Despite a fluctuating economy, safety, training and contract management remain as essential as ever.

According to a number of expert sources, including the Association of Equipment Manufacturers, the close-to-record-setting economic growth that the country has been experiencing for the last 100-plus months – which is the second-longest period of economic expansion in the nation’s history –appears to be poised for a slowdown and plateau.

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The economy will have upticks and downturns and plateaus, which means construction work will be busier or slower or stay the same.

AEM wrote back in May that they don’t feel there’s reason to believe the ag and construction sectors will experience a downturn in the coming months, but they do agree with The American Institute of Architects Chief Economist Kermit Baker, Hon. AIA, PhD, who said that even though the economy has been performing very well recently, “trends in business confidence scores are red flags that suggest a slowdown is likely for 2020. These signals may be temporary responses to negative short-term conditions, but historically they have preceded a more widespread downturn.”

Invest in safety/training

Last October, in an article similar to this one, we discussed what it meant from a safety standpoint to be in the midst of a busier construction season while having more people working on a job site. Our advice was simple: spend more time thinking about safety and risk management and make intentional decisions to invest in training.

The reality of the American economy is that it’s going to fluctuate. We’ll have upticks and downturns and plateaus, which means construction work will be busier or slower or stay the same. But regardless of what the economic forecast is, and regardless of what the economic reality is, the message that you’ll hear from us here at NBIS won’t change: strive to be safer; adequately train your employees; be aware of the language in the contracts you’re signing.

A month ago, Billy Smith published a column in this magazine called “Three Thoughts On Risk Management for Q3.” In it, he unpacked three different topics, two of which I’m going to reiterate here.

Avoid a contract crisis

Perhaps you think you’ve heard it all before. Perhaps you think your contracts are ironclad. Perhaps you even think you’re exempt from having to think about this. No matter how you approach the issue of contracts, they’re one of the most important topics to think about when it comes to protecting your business. Laws are changing. Lawyers are everywhere. And there’s substantial risk in having the wrong language in your invoice, job or rental ticket and lease agreement. The right language can help you transfer liability to the appropriate party while making sure you’re reimbursed for any expenses you incur. Avoid a contract crisis by making sure a team of trained professionals is providing you with the appropriate state-specific language.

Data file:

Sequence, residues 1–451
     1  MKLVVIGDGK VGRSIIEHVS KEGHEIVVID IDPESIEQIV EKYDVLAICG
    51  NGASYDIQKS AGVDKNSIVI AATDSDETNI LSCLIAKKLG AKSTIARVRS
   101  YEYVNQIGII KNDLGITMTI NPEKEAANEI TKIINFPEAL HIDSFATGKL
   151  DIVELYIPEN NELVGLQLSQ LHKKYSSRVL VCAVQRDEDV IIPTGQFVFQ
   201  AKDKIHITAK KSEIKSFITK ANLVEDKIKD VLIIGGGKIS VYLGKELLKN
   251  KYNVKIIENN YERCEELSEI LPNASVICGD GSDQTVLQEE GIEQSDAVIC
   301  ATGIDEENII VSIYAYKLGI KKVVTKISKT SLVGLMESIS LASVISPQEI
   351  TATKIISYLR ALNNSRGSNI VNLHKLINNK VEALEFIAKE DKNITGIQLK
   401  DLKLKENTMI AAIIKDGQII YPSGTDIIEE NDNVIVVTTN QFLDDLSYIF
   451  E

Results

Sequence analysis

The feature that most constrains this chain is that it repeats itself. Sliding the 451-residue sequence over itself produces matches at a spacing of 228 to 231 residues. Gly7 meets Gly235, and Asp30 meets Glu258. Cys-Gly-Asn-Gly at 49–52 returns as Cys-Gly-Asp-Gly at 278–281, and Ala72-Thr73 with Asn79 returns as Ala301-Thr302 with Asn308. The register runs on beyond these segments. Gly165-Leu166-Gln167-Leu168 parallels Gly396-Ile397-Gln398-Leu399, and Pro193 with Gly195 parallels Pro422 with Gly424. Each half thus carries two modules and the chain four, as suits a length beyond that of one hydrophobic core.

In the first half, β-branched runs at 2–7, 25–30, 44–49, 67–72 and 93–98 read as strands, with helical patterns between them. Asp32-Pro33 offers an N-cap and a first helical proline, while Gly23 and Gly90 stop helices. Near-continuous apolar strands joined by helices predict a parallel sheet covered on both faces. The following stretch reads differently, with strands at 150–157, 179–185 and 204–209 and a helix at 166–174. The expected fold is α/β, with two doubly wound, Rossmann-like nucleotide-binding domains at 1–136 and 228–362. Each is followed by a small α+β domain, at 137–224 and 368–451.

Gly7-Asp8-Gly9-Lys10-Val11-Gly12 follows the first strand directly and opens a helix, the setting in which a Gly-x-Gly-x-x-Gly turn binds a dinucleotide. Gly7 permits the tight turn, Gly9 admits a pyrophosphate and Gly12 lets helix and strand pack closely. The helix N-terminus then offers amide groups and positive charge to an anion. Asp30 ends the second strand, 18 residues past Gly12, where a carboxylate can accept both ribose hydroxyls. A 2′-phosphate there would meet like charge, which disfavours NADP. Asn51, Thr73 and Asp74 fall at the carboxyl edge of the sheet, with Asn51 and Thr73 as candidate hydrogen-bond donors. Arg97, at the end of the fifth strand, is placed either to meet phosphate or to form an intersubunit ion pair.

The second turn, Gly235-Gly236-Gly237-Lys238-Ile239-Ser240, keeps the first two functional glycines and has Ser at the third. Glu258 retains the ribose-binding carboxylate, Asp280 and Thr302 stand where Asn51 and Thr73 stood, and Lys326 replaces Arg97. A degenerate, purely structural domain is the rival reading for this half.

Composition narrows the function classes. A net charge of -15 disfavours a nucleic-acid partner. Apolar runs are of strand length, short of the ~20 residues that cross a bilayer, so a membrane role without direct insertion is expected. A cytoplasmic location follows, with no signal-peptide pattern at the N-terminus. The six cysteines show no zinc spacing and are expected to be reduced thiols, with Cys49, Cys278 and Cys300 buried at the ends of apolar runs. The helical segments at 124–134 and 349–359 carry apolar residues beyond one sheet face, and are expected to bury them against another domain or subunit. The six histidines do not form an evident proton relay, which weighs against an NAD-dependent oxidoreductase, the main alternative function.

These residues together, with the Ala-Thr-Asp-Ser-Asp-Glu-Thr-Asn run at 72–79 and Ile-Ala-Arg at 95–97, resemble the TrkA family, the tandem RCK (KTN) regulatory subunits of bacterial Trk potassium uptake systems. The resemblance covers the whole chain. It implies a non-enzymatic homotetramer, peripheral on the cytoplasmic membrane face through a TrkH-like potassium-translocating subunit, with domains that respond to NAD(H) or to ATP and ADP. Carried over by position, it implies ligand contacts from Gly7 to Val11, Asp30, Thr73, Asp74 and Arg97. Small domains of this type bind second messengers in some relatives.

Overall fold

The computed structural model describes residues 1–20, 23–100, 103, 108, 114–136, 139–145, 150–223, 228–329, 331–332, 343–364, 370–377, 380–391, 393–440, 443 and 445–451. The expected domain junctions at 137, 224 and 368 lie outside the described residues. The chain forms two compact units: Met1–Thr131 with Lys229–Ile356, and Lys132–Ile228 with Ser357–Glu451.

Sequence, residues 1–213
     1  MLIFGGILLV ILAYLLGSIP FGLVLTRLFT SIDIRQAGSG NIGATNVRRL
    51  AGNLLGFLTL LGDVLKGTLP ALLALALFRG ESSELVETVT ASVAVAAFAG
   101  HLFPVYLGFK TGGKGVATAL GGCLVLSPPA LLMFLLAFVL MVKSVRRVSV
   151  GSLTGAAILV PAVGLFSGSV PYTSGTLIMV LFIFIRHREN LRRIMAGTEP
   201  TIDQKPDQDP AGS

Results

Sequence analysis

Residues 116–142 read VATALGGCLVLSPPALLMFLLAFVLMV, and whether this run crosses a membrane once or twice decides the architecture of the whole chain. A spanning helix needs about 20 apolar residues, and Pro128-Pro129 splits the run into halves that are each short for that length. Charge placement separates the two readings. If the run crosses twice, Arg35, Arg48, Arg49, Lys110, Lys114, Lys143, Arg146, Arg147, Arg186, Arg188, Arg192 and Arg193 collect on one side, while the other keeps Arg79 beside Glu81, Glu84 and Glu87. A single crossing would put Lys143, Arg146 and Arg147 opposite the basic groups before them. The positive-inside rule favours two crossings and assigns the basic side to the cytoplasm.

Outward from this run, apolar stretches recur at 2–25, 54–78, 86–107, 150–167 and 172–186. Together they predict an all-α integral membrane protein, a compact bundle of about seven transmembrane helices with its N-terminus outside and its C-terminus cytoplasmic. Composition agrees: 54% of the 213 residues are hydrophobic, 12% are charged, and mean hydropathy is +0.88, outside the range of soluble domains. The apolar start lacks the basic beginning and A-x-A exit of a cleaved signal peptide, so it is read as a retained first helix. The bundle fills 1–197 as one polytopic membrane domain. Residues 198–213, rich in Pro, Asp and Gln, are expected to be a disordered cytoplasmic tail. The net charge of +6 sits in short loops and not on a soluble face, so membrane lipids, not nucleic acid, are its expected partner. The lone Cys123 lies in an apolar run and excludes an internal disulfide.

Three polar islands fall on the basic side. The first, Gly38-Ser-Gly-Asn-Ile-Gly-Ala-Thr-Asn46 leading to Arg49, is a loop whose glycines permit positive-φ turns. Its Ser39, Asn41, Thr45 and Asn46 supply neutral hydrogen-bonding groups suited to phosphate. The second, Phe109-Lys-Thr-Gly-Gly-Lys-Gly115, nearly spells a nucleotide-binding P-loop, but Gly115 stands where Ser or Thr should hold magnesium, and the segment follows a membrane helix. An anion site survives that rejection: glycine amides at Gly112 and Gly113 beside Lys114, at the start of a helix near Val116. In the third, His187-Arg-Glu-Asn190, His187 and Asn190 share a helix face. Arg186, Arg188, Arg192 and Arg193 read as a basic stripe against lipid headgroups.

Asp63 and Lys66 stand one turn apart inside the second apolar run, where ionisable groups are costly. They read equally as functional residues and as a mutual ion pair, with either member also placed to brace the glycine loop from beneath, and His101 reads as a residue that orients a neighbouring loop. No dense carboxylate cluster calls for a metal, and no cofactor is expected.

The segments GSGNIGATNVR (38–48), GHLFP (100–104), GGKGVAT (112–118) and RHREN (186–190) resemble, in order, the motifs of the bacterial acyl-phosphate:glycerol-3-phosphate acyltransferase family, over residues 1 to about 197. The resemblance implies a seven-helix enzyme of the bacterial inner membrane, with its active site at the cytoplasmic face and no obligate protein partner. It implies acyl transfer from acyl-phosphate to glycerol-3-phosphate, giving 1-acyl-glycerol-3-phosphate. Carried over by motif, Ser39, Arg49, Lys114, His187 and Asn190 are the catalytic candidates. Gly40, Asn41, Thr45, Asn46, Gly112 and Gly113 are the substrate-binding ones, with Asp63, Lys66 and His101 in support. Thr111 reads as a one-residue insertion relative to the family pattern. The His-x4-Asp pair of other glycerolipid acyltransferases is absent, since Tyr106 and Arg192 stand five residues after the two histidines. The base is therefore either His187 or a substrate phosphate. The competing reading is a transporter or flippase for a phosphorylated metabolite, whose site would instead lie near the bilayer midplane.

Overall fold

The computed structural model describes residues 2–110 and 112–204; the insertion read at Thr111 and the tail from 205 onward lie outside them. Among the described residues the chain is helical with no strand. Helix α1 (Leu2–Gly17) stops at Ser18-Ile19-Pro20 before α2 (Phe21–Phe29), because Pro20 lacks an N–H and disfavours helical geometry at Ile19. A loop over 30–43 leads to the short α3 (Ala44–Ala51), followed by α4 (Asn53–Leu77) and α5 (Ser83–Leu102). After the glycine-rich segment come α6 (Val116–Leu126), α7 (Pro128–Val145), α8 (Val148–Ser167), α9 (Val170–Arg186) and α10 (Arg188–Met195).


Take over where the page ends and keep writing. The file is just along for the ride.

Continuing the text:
Use downtime to train

There’s never a wrong time to implement training, and you can never do too much of it. Properly training employees is a key element in reducing accidents and exposure to risk. It’s also one of the primary ways you can positively affect your insurance loss history, which, in turn, is one of the primary ways you can save money during your insurance renewal.

As Bill Smith wrote last month,“OSHA requires that training be conducted, documented and continuous. Many times, companies are so busy working that training is done much too briefly – in a tool box talk most of the time – and seldom done in a more formal setting. Sometimes, companies skip it altogether. Other companies don’t invest in training because they feel like it’s not worth the financial risk since employees may ultimately choose to leave.”

At NBIS, we know that any company that doesn’t invest in training because they feel like it’s too much financial risk is likely going to be a company with losses attached to their name. It’s certainly not the only factor, but many of the injuries and near-misses that occur on jobsites could be prevented if only the company would have invested in more – and better – training.

As we move toward the end of the year and into 2020, remember that regardless of what happens with the economic forecast, sticking to the basics of training, reviewing your contracts and investing in safety will always pay dividends.

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